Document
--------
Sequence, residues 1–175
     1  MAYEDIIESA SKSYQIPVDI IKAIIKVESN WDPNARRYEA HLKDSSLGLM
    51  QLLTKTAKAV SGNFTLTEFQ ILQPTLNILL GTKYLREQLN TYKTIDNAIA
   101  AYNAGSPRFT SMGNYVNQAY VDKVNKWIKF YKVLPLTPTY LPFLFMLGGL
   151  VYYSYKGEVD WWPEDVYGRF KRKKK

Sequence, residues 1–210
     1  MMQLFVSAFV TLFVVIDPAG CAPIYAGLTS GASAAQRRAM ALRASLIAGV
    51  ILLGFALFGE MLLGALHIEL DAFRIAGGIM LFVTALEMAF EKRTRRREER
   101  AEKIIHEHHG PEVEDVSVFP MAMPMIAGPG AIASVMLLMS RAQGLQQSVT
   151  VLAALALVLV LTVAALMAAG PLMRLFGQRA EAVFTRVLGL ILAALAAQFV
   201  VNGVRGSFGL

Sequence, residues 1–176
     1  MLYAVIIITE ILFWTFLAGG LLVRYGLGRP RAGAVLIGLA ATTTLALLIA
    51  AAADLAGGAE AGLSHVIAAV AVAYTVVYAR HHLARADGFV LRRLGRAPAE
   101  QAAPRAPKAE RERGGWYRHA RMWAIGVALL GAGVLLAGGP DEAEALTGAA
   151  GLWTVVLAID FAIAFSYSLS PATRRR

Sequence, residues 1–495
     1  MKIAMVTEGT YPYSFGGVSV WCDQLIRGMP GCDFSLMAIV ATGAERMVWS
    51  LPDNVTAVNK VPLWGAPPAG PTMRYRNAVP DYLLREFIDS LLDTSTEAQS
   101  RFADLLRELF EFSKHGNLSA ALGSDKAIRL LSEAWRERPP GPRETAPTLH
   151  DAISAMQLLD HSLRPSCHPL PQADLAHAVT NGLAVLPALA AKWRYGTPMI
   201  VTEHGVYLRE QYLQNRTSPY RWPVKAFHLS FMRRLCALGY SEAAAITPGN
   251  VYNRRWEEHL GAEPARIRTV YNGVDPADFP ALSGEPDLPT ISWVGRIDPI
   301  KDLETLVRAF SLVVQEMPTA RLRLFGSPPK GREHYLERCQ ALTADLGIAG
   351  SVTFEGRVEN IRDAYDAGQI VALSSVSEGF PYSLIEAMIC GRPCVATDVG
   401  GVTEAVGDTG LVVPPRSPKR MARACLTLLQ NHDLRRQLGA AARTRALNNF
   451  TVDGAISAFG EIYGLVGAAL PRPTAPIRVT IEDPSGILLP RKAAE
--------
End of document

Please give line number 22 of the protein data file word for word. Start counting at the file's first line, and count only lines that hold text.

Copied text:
   201  VTEHGVYLRE QYLQNRTSPY RWPVKAFHLS FMRRLCALGY SEAAAITPGN